Coming back to the Latin root of the word idem meaning the same; at its base, identity is knowing a person is the same person over time (i.e., continuity) and distinct from someone else (i.e., contrast). But what do we need to know about a person in order to establish their identity? Unsurprisingly, the answer is the cliché “It depends.”

Consider a person’s identity as a parent. There is very little an infant, toddler or child need to be able to identify who their mama or papa is. They won’t even know their name for quite some time, but they will be able to recognize who that individual is. Before you think “Well that really only applies when early in life”, consider when that parent is out with a group of friends, and has just met someone. Typically, the parent just needs to say their name to recognize them as a unique individual the next time they  are out with that same group.

When that group then goes out to a bar to celebrate 6 months of parenthood, someone has to present a credit card with their name to start a tab. Then round after round, that person just needs to indicate that same name to the bartender to get additional drinks over the course of the night. The next day, that same person decides they want to open a new 529 account at a bank for their child’s education. They would need to present more than a credit card; they would need to present a photo ID as well as their SSN. Now, if that same person were to try to get a mortgage to buy a new home for their growing family, they would also need to present a significant amount of additional information regarding their credit history.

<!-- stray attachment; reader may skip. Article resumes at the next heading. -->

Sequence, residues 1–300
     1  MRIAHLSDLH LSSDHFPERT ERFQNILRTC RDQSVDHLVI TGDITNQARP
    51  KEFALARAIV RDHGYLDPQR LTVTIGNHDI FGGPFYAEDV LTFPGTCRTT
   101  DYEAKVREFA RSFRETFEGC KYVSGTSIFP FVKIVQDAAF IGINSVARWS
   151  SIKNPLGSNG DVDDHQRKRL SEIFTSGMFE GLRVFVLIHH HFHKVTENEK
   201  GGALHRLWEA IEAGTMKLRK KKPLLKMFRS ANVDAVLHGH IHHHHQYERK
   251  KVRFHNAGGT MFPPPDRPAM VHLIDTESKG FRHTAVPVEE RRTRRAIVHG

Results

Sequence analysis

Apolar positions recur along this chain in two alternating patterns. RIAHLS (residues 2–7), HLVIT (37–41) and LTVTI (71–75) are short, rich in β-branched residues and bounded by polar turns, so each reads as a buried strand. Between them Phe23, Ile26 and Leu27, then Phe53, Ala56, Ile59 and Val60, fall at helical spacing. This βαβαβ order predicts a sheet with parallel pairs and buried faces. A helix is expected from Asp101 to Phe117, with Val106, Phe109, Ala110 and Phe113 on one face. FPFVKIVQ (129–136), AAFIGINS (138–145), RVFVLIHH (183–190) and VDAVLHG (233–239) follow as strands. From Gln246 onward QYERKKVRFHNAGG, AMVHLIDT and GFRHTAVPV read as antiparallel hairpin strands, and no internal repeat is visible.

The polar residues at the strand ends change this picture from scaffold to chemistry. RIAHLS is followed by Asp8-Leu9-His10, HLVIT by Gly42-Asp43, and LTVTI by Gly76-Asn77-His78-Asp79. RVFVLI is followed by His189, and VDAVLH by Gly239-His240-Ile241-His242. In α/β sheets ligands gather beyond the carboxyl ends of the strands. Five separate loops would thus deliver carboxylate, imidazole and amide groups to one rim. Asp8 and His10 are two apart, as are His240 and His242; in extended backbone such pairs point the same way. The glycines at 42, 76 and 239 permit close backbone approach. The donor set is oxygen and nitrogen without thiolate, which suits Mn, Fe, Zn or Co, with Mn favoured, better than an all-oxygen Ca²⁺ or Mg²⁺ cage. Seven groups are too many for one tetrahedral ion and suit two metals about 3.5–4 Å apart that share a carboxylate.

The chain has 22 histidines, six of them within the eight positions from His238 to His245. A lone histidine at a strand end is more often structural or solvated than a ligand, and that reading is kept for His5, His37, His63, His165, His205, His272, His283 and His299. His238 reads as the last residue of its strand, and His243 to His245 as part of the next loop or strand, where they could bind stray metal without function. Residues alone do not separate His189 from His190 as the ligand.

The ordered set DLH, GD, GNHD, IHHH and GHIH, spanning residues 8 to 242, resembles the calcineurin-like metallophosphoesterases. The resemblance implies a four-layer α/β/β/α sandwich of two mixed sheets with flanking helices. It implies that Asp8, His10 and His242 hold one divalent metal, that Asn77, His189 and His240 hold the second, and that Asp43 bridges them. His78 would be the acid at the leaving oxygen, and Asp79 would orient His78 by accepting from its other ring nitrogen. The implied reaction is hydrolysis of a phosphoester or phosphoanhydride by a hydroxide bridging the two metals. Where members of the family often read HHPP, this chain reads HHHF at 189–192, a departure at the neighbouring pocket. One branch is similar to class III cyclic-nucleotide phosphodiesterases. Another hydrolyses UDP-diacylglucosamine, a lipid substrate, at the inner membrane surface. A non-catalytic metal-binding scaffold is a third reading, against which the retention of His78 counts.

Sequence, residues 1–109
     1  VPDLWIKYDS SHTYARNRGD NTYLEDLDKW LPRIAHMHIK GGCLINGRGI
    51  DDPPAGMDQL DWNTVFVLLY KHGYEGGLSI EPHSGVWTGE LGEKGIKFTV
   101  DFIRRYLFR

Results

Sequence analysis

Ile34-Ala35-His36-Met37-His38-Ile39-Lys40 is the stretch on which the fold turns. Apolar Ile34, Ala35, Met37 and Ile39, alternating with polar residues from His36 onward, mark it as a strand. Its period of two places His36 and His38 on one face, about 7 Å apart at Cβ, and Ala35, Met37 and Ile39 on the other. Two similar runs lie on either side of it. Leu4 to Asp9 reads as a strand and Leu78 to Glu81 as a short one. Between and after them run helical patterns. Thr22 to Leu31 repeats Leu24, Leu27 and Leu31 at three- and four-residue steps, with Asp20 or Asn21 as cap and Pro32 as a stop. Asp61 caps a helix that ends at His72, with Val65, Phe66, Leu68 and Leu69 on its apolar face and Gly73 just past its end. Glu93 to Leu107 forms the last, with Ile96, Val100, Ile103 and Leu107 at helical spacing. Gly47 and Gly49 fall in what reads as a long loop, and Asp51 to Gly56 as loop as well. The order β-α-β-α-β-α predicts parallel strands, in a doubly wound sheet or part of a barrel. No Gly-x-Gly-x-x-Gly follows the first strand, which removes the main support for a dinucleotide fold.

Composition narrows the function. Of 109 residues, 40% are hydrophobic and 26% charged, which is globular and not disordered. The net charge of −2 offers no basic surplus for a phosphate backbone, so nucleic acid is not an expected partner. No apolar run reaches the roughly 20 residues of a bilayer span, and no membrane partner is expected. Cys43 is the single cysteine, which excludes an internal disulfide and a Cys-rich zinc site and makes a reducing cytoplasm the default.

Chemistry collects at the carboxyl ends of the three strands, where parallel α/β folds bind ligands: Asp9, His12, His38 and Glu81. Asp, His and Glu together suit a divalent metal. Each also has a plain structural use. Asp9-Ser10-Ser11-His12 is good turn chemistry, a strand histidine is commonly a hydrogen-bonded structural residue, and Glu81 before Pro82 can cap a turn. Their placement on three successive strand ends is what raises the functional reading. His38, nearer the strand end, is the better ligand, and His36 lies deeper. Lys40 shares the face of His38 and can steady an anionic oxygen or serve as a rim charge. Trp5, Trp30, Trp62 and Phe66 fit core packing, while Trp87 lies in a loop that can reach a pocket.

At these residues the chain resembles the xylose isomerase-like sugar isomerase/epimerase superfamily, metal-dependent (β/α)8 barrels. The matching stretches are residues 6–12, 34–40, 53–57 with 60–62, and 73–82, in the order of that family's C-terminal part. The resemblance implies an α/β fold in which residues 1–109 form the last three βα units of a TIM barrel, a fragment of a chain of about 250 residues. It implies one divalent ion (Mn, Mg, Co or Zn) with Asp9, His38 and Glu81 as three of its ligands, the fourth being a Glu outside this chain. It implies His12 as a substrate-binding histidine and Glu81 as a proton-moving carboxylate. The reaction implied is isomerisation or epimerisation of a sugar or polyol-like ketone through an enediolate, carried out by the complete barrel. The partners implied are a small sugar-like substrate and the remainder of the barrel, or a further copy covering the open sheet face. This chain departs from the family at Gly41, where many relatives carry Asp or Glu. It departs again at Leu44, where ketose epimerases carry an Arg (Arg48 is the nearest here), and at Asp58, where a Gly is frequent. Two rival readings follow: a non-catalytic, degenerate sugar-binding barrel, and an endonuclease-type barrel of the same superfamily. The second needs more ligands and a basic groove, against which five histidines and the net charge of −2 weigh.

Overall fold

It turns out that person is a senior researcher in infectious diseases. When they need to enter a secure, level 5 containment facility at the CDC, they have to present their fingerprint in order to assert who they are.

This brief vignette was centered around the same individual; yet they experienced increasing friction, having to present an escalating number of items to assert their identity. That increase in friction is proportional to the increasing risk of loss when an identity is incorrectly asserted. The risk to a financial institution, for example, is much lower when the person is bringing money in for a 529 account compared to when they are taking money out for a mortgage.